Yes. In a Washington Post article, Farrakhan spokesman Conrad Muhammad basically insinuates that I'm involved with the federal government. The Nation sued the Post for 4.2 billion dollars because the paper reported on my film's content and it was a federal case. They sued Rupert Murdoch and the New York Post for reporting on the doc... That case was thrown out also. It was not the day of the opening, it was the next morning that the Minneapolis FBI arrested Qubilah Shabazz for plotting to assassinate Farrakhan. She was goaded on by an FBI agent she thought was her friend.
Later in 1997, a more extreme tragedy hit the family when Qubilah's son, Malcolm, was involved in a fatal fire that took the life of his grandmother, Betty Shabazz.
Your distribution deal pays the family of Malcolm X a ten percent tithe on the money earned through DVD distribution. What made you decide to organize finances this way?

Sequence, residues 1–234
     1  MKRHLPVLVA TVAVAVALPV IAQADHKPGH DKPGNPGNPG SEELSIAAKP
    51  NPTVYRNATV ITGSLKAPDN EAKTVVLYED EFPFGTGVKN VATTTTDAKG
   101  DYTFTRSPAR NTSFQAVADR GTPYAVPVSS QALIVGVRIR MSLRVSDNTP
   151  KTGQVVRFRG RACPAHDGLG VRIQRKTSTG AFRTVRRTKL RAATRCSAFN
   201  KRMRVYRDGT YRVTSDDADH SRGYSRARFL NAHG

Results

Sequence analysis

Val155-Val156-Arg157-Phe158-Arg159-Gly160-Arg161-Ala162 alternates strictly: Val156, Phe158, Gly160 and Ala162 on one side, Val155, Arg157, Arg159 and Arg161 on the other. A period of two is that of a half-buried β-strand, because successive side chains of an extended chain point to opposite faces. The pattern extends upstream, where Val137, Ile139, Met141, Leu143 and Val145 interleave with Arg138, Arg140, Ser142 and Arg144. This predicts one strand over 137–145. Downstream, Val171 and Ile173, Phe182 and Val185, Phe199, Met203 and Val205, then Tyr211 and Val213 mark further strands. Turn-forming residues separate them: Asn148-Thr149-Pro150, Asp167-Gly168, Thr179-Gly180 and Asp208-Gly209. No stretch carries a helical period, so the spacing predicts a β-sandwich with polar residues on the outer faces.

It's called a sadaqqa. In Judaism, it's sedaka, but I think it's spelled "sadaqqa" for the Muslim practice. Sedaqqa is freely given charity. Like a mitzvah. When you're dealing with a situation like this, you're talking about somebody's father, a loved one, and you're getting all of this info, and I don't know... I always thought it was the right thing to do. Nowadays maybe there can be some kind of... reaching out to Muslims in the greater world. Maybe there's a way of showing good will the way everybody in every culture understands it. "Here's a piece of the action." And hopefully, when people understand that the Shabazz family are the owners of the film, to some extent, they'll think twice before putting it in a machine and making a copy. Maybe they'll think, "If we buy this, it will go directly to the family of Malcolm."